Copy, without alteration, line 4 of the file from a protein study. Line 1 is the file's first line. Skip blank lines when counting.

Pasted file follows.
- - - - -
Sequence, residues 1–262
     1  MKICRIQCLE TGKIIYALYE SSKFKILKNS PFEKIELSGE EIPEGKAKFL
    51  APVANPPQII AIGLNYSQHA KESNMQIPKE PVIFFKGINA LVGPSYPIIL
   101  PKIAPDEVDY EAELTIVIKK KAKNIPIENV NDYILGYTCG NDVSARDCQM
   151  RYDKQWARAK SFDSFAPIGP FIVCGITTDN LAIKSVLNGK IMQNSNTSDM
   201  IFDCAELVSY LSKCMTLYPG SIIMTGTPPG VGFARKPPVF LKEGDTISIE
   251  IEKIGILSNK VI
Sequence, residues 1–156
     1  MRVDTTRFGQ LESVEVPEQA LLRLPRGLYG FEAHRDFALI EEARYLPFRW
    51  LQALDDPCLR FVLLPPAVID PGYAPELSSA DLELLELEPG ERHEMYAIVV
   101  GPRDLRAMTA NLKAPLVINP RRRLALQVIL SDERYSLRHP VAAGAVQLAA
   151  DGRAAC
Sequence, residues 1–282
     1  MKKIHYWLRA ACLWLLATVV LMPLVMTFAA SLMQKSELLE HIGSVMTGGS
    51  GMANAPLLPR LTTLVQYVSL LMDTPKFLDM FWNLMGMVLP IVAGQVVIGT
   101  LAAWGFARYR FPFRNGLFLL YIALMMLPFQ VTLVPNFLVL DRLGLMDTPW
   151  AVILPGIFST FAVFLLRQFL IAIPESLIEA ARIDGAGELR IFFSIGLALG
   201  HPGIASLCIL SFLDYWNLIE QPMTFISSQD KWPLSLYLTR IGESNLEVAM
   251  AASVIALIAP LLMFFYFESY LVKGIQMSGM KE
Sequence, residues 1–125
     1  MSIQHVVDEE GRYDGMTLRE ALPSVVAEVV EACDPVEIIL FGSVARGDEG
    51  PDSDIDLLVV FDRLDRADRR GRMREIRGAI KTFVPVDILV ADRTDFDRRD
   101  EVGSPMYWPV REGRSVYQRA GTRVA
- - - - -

   101  PKIAPDEVDY EAELTIVIKK KAKNIPIENV NDYILGYTCG NDVSARDCQM